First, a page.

As it happens, Gregor spoke warmly on Easter Sunday of the important role of women in the Easter story, especially when the big-name male disciples were conspicuous by their absence. Coincidentally I noted a post from the mediaeval manuscripts section of the British Library the other day that resonated with my interest in both early manuscripts and music from Orthodox and other traditions. The BL, marking women’s history month and the recently celebrated IWD, informs us:

Of the hundreds of hymn composers from the Eastern Church, only four women can be positively identified and only one of these – Kassia — had her works incorporated into official service books for use in church worship. She also wrote secular works. The British Library holds a collection of her epigrams.

– See illustration and more here>.

Sunday. Returning to the plan for the day, women will sing a simple home-grown arrangement of our South Woden Communion Chant, last sung with Psalm 30 in July 2013, but still hidden away on our Dropbox. The refrain is:

You turned my lament into dancing, and girded me with joy.

Ps30 Dancing

This psalm and the accompanying readings all tell tales of a complete change of direction — sorrow to dancing, Saul’s encounter on the road to Damascus, fishermen reluctantly casting their nets on the other side — a wide variety of situations all telling of the transforming power of divine love and grace.

Psalm 150, 3 April 2016

Panel Psalm 150At last, here is the last psalm in the book. It only appears once in the three year cycle, Easter Year C. So here we are, and pleased to welcome this short joyful, musical finale.

The psalm

Band in ParisThe six short verses of Psalm 150 call us to praise God in creation. No specific reasons are adduced, because there are plenty of them mentioned throughout the Psalter. We are then called to take up trumpet, lute, harp, tambourine, strings, pipe and cymbals — clashing cymbals indeed.

[By the way, the Vulgate text in Latin is slightly different:

Laudate eum in tympano et choro; laudate eum in chordis et organo. = Timbrel and choir, strings and organ.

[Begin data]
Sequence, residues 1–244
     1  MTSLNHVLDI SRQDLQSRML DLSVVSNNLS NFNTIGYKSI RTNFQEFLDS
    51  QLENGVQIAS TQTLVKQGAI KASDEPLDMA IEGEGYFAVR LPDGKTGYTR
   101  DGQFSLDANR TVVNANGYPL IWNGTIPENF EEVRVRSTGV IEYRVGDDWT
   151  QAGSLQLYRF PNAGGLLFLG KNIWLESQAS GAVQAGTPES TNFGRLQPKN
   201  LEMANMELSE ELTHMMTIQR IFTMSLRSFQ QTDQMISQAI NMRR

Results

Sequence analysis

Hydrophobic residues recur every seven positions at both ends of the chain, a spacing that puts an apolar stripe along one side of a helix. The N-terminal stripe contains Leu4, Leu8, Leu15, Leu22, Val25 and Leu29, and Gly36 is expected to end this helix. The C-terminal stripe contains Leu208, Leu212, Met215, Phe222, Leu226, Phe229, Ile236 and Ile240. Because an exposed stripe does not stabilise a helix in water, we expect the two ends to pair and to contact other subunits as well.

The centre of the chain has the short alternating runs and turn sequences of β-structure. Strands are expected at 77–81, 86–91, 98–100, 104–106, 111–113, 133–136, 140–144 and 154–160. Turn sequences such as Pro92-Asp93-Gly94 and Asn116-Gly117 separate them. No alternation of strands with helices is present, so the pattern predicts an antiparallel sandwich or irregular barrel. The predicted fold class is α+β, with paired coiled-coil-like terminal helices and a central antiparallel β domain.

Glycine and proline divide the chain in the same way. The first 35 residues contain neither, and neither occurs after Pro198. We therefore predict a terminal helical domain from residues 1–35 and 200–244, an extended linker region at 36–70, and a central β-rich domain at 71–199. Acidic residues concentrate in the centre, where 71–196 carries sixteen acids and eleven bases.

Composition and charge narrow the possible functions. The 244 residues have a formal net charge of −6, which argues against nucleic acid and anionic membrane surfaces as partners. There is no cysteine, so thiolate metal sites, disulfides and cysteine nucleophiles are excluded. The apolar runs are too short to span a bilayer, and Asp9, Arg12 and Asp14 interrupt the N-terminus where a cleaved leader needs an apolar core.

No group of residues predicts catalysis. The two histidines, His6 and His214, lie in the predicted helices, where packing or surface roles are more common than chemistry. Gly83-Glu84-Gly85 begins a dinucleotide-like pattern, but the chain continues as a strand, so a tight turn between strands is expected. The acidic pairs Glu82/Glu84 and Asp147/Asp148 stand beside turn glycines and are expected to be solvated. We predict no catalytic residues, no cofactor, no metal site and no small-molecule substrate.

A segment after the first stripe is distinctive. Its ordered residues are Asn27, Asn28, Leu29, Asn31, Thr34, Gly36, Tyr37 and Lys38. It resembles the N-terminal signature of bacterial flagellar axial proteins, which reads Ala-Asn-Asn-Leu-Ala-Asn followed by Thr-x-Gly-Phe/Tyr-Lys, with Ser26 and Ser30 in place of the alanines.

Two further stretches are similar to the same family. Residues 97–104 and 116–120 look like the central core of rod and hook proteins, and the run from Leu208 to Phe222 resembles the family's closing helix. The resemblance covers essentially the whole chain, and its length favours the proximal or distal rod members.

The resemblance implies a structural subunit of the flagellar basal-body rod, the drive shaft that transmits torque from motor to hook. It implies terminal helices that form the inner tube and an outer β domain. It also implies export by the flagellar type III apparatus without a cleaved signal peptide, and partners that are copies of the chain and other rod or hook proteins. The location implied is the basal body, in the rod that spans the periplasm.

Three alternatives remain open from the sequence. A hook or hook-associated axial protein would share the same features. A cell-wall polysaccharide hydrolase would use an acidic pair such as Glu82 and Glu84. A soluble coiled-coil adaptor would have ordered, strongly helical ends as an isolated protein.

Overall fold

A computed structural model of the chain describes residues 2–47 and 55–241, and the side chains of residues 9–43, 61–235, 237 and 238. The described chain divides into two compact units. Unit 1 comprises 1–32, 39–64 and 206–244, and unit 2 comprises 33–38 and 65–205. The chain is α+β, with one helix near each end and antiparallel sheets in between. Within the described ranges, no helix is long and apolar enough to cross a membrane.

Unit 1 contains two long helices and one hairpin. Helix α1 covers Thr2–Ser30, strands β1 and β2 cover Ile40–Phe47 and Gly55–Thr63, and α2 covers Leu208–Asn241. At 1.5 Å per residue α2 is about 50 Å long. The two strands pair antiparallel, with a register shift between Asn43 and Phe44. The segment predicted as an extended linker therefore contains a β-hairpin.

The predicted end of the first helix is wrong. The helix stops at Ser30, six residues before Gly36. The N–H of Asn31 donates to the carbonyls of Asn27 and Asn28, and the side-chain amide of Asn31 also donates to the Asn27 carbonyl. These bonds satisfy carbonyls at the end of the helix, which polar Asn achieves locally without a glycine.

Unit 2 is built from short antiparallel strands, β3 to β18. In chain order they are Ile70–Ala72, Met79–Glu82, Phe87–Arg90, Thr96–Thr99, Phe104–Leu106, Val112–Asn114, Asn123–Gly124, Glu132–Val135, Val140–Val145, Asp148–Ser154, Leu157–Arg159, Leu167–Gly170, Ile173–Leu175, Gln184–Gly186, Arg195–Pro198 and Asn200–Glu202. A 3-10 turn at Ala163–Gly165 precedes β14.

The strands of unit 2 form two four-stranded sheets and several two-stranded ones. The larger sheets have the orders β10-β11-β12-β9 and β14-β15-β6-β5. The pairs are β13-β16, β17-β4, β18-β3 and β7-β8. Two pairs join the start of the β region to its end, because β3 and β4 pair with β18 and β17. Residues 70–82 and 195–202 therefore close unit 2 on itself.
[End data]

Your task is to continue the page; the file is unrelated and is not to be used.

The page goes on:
PercussionHere the choir and organ get a mention. And those ‘clashing cymbals’ are described in the Latin as ‘cimbalis benesonantibus’ and ‘jubilationis’, which looks more like well-sounding and joyful than clashing. Another direct translation from the Hebrew says ‘loud-sounding’. OK, end of rambling aside.]

Even if you did not graduate with quals in cymbals, the psalmist then spreads the net even wider in the final verses — everything that breathes, song and dance please. So ignore the detail, grab whatever is handy and join in.

Words and music

This song of praise reminds us that the psalms were written to be sung, and this one with lots of good accompaniment. The power of music to lift words, thoughts and hopes to a higher level in human experience is manifest. As the calligraphy here says, words and music together are something wonderful.

Words music together

Words, music: together beautiful

A recent blog on Good Music Speaks points out that it’s hard to say why it’s important to us, but it certainly is. That post also notes that music has a special way of bringing people together. This psalm clearly anticipates such a situation.

The Psalter opens at Psalm 1 with instruction for our journey and ends with this vibrant song of praise. However, it’s not the end, a full stop: it’s a semi-colon inviting us to keep singing.

Music

Well after all that build-up, what about that music? There are settings by the dozen in the Choralwiki on the web, including pieces by Bach, Byrd and Monterverdi. Closer to home, a couple appear in The emergent psalter and in Together in song.

Psalms for all seasons offers an interesting musical miscellany, ten settings in all. It’s worth a closer look to see the variety of ways in which composers for congregations around the world have imagined this song of praise — and they are not all embellished by those clashing cymbals. Here’s a summary:

A. Tuneful verses in unison followed by ‘Halle, Hallelujah!’ in a two-part, repetitive refrain. From Singapore; the reason for mentioning this will become clear as we read on.
B. A similar pattern with shorter and simpler verses and refrain. Alternates quite pleasingly between keys of D for the refrain and Bb for the verses. For pleasure and ease of learning, this one is a good choice. It’s by great scholar of African-American songs, J Jefferson Cleveland
C. A Punjabi melody next, unaccompanied save for finger cymbals and drums!
D. And now one from Mexico, with a nice swing, good chords and eminently singable. A little long to learn but the rewards would be there.

Remind me again; where was this port call?

Remind me again; where was this port call?

E. Then a sedate English-style chant, not in the ‘Anglican’ tradition but fully arranged homophonic chant
F, G. a couple more hymns, to tunes like HELMSLEY and EASTER HYMN
G. has an alternate refrain from the Caribbean, the familiar Halle. halle, halle-lujah!
H. is an ancient French tune (not responsorial)
I.  is a Wesley hymn, and
J. is for Genevan.

So that’s once around the world for you!

Bottom line. We’ll go with B, the children assisting with percussion. Anyone else is welcome to join in!